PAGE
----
File Manager Multi Commander 5.0 is out - gHacks Tech News

File Manager Multi Commander 5.0 is out

Multi Commander is a third-party file manager for the Windows operating system that improves file management and handling significantly in many ways.

Windows Explorer, the default Windows file manager, is limited in many regards. Even basic operations such as copying files from one folder to another or the unpacking of multiple files are not completed easily when it is used exclusively.

Third-party programs like Multi Commander have been designed to replace Windows Explorer to improve file handling on Windows systems.

Multi Commander 5.0 has just been released, reason enough to take a look at the program to find out what it has to offer.

The software is available as a portable version or setup version on the developer website. When you first start it up you select the interface language and default design of the interface.

Some of the features become apparent right after start. The program launches a dual-pane interface for instance which allows you to display two different folders and their contents in the interface.

multi commander

That's not the only difference that you will notice on first glance. The program supports tabs to open additional folders and displays a huge list of options at the bottom of the screen.

It takes some time to go through the list of options displayed there. Some, especially those in the first row like refresh, edit or copy, are fairly common in file managers while others are not.

It is for instance possible to use it to select mp3 files, hide dlls, or select duplicates only. Once you press the right mouse button you will notice that there are even more features available that you can select then there.

Multi Commander's interface is highly customizable. You can remove the button bar using the View menu for example and the same is true for other toolbars listed in the interface.

That's still not all there is to it though. You can customize each individual button in the button list including its icon and colors, text, and feature. As far as features are concerned, you can pick internal and external commands, batch files or custom commands.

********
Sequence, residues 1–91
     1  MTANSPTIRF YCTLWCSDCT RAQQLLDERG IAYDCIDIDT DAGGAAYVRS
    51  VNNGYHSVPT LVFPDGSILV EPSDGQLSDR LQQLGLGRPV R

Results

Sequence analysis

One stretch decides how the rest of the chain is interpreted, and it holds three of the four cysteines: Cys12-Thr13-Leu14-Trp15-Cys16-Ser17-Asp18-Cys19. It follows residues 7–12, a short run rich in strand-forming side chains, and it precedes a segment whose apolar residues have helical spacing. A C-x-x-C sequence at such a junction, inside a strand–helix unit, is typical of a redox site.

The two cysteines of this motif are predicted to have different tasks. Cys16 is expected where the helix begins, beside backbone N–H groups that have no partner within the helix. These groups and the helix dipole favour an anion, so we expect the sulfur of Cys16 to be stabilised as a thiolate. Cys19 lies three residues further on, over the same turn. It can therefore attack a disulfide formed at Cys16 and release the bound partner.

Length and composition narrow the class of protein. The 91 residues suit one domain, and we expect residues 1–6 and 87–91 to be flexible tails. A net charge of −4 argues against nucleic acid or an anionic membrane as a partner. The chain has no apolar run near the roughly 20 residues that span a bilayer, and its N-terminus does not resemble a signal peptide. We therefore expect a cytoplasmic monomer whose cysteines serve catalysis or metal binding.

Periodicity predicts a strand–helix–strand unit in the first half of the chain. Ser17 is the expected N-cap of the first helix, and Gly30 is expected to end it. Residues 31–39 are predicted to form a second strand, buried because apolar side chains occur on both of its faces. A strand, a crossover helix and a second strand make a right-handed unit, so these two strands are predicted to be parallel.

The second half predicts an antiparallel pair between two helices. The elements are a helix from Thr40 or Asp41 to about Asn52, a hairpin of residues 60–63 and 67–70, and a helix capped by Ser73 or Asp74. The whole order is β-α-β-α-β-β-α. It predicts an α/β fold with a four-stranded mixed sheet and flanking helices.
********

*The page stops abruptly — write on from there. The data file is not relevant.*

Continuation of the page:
It would go too far to go all program functionality. Here is a list of features that Multi Commander supports. For a full feature listing, visit the feature overview on the program website.

  • Supports tons of keyboard shortcuts by default, all of which can be customized.
  • Options to calculate the folder size of all folders of the current directory structure.
  • Take Ownership and change file or folder permissions.
  • Command line field to run commands quickly.
  • Extension and plugin support.
  • Option to compare two folders in various ways.
  • Media tools to remove metadata, show file information or process images.
  • Extensive file and folder rename options.
  • Browse and unpack all popular archive formats.

As you can see, Multi Commander has a lot going for it. Some users may feel overwhelmed by its functionality and that is definitely understandable. With that said, there is no need to as it is not required to know or use all of the features from the get go.

It helps that you can hide some features like the buttons bar as it adds a lot to the confusing feeling on first start in my opinion. It is still possible to activate those features using shortcuts or other buttons should the need arise.

All in all a great file manager that is regularly updated by its author.

Now You: How do you manage files on Windows?

Summary
software image
Author Rating
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5 based on 1 votes
Software Name
Multi Commander
Operating System
Windows
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Comments

  1. Anders P. said on February 3, 2015 at 2:23 pm
    Reply

    I use Total Commander. Been using it for several years.

  2. Scott Yates said on February 3, 2015 at 2:40 pm
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    Total Commander seems far more mature and has a LARGE ecosystem of third-party plugins and extensions.

    It has been around for a VERY long time as well.

    1. MartinIsti said on February 3, 2015 at 10:51 pm
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      I also use TCMD for a long time. I still haven’t explored all it offers but as others mentioned mass rename is very useful and the other thing I like about it is the file/directory sync.
      Plus the little goodies like quick navigation (CTRL-D), looking for strings in specified files, presenting files in different colors based on their extension or if they are newer than x minutes/hours…

      Awesome tool!

  3. NiHouMa said on February 3, 2015 at 2:54 pm
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    For Linux, Ubuntu, I use Krusader. http://www.krusader.org/
    Download via Software Centre.

  4. Nebulus said on February 3, 2015 at 3:13 pm
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    I also use Total Commander on Windows and Krusader on Linux. But it is nice to see there are alternatives.

  5. Jim said on February 3, 2015 at 3:52 pm